Let’s learn something new: Vietnamese street food

A few weeks ago I booked flights to Vietnam, which will become the 17th country I have visited and I’ll be well on my way to meeting my 30 countries before 30 target. I am so excited! My first time in Asia, my first real backpacking journey and so many things to experience! wpid-wp-1424388052513.jpeg

One of the things I am looking forward to the most is the food. Every single thing I read, every person I talk to that has been to Vietnam enthuses about the food. I can’t wait to eat pho every morning, banh mi from the street corners for lunch and whatever else I can find for dinner.

wpid-wp-1424387448548.jpegAs part of my trip I want to participate in at least one traditional Vietnamese cooking course. Apparently Hoi An is a really good place to do this so I need to scope out a good half day course. Some minor preparation came this evening in Hanoi-esque humid Bristol (ha! Well it was raining and there was crazy traffic!) where I attended Little Kitchen‘s Vietnamese Street food cookery class.

Little Kitchen is an adorable, independent cookery school run by Claire and Madeleine who were great hosts. Our class had 10 students and I really enjoyed the atmosphere and conversation that flows in a small group.

wpid-wp-1424387593450.jpegThe entrée was Vietnamese Summer Rolls which were not as fiddly as I expected! Lots of finely sliced raw vegetables, coriander, mint and bean thread noodles were prepared. Next, the fun and tricky bit: rice paper. Rice paper is dry and hard before you use it; you have to soak it in tepid water until it becomes very soft and translucent. And therefore easy to break! I am pleased to say I managed make all three rolls without ripping the delicate paper!

wpid-wp-1424387687927.jpegTo go with the rolls we prepared Nuoc Cham which was a fresh, flavourful dipping sauce. Lots of traditional Asian flavours went into the sauce; lemongrass, garlic, chilli, fish sauce, rice wine vinegar, lime juice. It was so refreshing and really brought the healthy, clean summer rolls alive.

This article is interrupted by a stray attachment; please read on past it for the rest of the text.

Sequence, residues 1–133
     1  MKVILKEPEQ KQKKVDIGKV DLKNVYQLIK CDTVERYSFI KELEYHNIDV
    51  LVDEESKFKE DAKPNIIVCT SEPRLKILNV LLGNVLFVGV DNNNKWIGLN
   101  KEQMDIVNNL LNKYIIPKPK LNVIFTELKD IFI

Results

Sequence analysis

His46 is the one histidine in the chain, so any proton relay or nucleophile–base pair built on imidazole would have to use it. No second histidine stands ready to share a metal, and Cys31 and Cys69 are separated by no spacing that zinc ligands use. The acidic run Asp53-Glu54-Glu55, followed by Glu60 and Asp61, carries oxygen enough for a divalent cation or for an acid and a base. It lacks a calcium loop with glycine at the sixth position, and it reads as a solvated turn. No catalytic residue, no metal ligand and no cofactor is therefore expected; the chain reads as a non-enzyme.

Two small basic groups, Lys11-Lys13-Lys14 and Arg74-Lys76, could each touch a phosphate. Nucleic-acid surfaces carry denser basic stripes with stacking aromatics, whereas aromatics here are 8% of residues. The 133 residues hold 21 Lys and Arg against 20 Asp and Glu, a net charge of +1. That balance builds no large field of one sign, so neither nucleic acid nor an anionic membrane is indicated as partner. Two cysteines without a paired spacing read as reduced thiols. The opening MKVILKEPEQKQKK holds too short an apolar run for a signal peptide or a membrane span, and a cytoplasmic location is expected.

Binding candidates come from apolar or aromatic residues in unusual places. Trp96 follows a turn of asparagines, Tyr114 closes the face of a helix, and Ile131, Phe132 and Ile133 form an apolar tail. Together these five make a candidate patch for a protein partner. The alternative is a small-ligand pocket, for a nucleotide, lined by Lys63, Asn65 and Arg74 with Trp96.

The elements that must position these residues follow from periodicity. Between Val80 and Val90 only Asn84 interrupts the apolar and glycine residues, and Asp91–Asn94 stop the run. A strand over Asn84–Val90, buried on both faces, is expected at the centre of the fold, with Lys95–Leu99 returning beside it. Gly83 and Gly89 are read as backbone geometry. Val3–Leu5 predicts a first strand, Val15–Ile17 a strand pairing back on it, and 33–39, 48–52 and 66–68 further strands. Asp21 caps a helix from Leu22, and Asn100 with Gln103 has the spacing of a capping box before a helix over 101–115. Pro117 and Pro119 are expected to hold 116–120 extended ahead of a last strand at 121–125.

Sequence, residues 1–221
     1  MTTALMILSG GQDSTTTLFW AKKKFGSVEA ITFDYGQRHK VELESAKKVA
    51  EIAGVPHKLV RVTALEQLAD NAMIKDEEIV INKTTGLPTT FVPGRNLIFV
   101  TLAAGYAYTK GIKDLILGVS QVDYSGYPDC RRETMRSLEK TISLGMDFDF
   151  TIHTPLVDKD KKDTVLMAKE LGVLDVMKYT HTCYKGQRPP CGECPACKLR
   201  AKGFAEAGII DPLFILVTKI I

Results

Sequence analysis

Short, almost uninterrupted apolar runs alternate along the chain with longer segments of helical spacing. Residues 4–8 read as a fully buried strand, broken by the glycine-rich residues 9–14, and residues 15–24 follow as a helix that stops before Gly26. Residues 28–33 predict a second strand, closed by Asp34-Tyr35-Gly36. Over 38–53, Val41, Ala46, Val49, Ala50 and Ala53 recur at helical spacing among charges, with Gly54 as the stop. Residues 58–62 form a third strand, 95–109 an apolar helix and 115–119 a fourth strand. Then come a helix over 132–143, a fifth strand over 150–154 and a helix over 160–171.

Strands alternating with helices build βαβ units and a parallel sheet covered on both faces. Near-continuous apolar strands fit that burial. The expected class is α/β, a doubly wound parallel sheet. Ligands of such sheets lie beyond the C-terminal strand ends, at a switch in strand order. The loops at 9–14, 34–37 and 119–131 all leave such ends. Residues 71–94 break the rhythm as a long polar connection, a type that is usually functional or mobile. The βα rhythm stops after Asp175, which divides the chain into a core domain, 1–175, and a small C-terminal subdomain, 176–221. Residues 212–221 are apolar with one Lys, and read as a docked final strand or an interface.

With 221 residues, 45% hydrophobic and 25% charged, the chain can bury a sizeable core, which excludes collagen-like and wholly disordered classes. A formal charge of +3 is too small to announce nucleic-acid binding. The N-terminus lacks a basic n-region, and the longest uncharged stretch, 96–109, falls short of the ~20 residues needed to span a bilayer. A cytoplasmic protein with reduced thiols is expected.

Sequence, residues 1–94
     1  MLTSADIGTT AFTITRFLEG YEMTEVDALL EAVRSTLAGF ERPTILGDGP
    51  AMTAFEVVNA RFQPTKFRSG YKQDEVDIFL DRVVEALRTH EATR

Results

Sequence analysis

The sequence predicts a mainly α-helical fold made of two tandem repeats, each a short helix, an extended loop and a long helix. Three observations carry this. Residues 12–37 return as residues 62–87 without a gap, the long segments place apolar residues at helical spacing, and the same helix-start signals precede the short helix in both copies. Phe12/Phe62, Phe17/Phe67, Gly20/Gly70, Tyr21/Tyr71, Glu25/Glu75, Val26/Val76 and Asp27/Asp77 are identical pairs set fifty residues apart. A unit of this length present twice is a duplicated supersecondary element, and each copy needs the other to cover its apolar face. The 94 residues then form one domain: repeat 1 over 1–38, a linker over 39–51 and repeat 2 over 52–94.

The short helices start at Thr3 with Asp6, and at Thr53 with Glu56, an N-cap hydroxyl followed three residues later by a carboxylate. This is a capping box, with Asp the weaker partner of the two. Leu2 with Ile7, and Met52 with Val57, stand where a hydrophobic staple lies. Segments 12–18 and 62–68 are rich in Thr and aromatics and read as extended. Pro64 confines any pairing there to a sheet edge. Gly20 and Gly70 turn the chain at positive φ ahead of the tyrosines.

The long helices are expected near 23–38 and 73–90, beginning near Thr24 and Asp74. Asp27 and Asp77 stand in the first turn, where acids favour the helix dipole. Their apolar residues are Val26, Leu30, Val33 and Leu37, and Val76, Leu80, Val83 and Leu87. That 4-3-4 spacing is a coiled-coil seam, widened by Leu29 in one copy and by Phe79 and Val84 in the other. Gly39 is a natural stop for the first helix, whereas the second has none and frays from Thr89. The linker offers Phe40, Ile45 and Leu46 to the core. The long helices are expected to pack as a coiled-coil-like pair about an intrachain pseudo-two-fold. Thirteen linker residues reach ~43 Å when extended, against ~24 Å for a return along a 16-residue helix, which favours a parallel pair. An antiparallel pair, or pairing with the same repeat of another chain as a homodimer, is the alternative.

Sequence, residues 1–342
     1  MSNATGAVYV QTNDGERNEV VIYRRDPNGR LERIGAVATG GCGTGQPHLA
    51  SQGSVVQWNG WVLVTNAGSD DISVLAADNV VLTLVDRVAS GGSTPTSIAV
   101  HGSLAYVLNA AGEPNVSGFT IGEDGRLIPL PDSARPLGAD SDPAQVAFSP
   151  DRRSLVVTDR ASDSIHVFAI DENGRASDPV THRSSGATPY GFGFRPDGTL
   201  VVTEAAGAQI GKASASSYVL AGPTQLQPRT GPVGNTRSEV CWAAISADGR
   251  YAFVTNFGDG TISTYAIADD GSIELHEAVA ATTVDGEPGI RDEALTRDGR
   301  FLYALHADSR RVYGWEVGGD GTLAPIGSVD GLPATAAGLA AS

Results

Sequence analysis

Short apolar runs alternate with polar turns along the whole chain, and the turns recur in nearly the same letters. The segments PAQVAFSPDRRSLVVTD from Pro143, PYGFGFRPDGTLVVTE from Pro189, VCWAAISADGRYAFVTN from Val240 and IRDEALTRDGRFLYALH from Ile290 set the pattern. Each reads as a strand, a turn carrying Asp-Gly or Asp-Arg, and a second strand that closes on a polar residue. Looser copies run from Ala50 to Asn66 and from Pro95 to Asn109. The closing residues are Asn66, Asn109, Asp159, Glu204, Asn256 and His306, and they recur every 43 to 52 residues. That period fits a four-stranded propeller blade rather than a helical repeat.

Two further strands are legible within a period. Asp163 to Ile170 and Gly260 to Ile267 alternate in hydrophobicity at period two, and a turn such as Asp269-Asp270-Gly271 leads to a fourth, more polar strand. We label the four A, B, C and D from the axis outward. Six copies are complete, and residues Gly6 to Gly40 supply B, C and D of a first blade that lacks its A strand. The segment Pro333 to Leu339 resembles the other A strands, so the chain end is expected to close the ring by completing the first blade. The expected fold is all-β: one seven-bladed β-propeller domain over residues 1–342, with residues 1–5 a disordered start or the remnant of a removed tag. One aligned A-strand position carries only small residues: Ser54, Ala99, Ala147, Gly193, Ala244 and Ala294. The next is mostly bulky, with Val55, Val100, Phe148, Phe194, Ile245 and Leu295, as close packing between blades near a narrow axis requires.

The main course was the Vietnamese classic sandwich: banh mi. I’ve eaten many banh mi’s in my lifetime, but I have never made one. We prepared the marinade for our pork shoulder which was a rich soy, ginger and garlic based sauce. We also made some very speedy pickled vegetables. Sliced very thinly the carrot and shallot transformed in the hour and a half that they were pickling for and were absolutely delicious.wpid-wp-1424387786091.jpeg

We assembled the banh mi using traditional French baguette, which worked as a good substitute for the traditional rice-flour based roll that is normally used. After briefly frying the pork over a high heat, we layered it in the roll with a light layer of mayonnaise, the pickled vegetables, cucumber, coriander and mint. I had all intentions of wrapping it and taking it home with me to show my housemates, but there was no way I could resist eating it there and then! I was not disappointed! The rich, salty pork complimented the fresh pickled vegetables so well. I could have eaten two of them! wpid-wp-1424387926351.jpeg

I had a great evening supporting a local business; I’ve come away with two new, straightforward dishes I can serve to friends and have found a new place where I can enjoy some downtime. I’m already eyeing up the rest of Little Kitchen’s classes to decide what to do next! What do you think I should try next?

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4 thoughts on “Let’s learn something new: Vietnamese street food

    • Oh I can’t wait! I used to frequent a little Vietnamese restaurant in London who told me they made it using their family recipe. It was amazing, but it’s going to be so great trying the proper native version, in situ!

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